As China and India become increasingly wealthy and dynamic over the next 20 years, Dr. Wendy Dobson believes they will change the way the world works.
“It’s probably the most amazing transformation in human history,” says Dobson, co-director of the Institute for International Business in the University of Toronto’s Rotman School of Management and a former associate deputy minister of finance in the Canadian government. “After living in India in the 1960s and visiting China in 1978 at the beginning of that transformation, I never thought that in my lifetime they’d make the kind of progress they have.”
Those early experiences inspired her to write Gravity Shift: How Asia’s New Economic Powerhouses Will Shape the 21st Century, describing how the world’s economic centre of gravity will shift from the Atlantic advanced economies to China and India by 2030.
The fact that these markets are so big means that smaller Canadian companies may have difficulty finding niches they can exploit, says Dobson. So consortiums where companies work together become important.
“We have the Canada-China Business Council and the Canada-India Business Council, which are in the business of developing networks among Canadian firms and helping with connections and market research. The Canadian trade commissions that are part of our embassies in both countries can also help with that process.”
So what are China and India looking for, and what can Canadian companies deliver? Dobson says that while China and India have labour in abundance, we have natural resources. We buy truckloads of consumer goods from China and information technology services and expertise from India while they buy our potash, fertilizer, coal and oil.
There are certain areas where Canada is a substantial manufacturer–the auto industry being one–but the comparative advantages in that industry in cost and efficiency will be in Asia, says Dr. Dobson. She sees our advantage as further up the value chain in what she calls head office activities–research, development and design, the brain activities that can be done only close to the consumer. Distribution and after-sales service must also be tailored to North American customers.
Environmental services provide enormous opportunities for Canadian firms, says Dr. Dobson. China has been so focused on investment that 50% of its GDP goes into infrastructure, housing and manufacturing for export. That has produced serious environmental degradation, says Dr. Dobson, citing Chinese students who tell her that the price of their growth and increase in income is that they “can’t see the sun.”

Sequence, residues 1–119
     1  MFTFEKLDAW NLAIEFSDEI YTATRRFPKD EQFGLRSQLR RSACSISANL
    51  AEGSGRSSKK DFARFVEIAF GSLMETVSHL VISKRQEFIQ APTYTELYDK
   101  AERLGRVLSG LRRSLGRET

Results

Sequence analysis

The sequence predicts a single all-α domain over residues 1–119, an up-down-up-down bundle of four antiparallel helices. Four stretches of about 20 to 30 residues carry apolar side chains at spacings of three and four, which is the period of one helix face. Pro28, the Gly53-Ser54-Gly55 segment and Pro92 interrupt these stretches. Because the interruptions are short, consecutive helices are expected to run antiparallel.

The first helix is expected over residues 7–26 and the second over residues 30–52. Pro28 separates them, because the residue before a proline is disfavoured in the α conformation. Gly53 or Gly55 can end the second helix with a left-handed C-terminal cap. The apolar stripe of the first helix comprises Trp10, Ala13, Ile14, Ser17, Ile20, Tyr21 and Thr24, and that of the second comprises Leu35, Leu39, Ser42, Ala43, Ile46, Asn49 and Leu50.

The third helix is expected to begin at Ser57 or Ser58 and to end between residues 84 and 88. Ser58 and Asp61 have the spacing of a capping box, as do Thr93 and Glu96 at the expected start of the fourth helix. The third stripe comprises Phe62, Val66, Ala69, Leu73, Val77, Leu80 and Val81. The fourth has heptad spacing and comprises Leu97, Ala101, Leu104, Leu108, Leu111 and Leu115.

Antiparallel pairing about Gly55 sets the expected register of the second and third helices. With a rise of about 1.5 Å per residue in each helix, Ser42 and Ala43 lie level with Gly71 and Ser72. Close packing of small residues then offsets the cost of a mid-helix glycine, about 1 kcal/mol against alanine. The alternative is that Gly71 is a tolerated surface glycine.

“When they turned off the factories in order to clear the air for the Olympics in Beijing and Chinese people could see the sun, that was a catalyst to create a push from below for clean growth,” says Dr. Dobson. “So that will be a major priority in China’s next five-year plan.”
Dr. Dobson tells of one mayor in a province south of Beijing who is so taken with green technology that he’s vowed to show how to transform an existing city into a green city by replacing polluting industries, energy and transportation with green sources.
“They have the vision, but not yet the technology,” says Dobson.
A related major opening for Canadian business is China’s need for energy technology such as smart grids. Since China is reliant on oil and gas imports, it will be very interested in any opportunity that reduces them.
“Wind power is a big deal in China,” says Dr. Dobson. “There are wind farms all over China but many of them are not yet connected to the national grid. Smart grids would allow that kind of feed-in.”
Shale gas, recently discovered in North America, is another game changer that Canadian companies could move on. “It’s possible that China has very large supplies, but again they don’t have the technology.”
Dobson warns Canadian companies that China’s private sector is shaped by a sometimes-shaky legal framework. When it comes to the enforcement and interpretation of laws and legal contracts, there’s a lot of elasticity and opacity in China, she says.
“You’ve got to have somebody by your side who knows how to evaluate those dimensions of transactions,” says Dobson. “China is still an autocracy run by the Communist Party with about 75 million party members stretching from Beijing into the villages and hamlets in the rural areas. Personal relationships–not just with your business partner, but the local cadre of the Communist Party–are very important. That’s why you’ve got to have that person at your side.
“In India, there’s much more in common in terms of the framework since it’s a parliamentary democracy.”
The first step for Canadian companies is to start with a broad view and then dig into the opportunities. Small and medium-sized companies should look for joint venture partners or alliances.
“The idea of making a plan in Canada and going over there to sell it is absurd, especially in China, says Dobson. “You need to understand how different and unique China is because of 5,000 years of civilization, history and tradition. It’s not the United States.”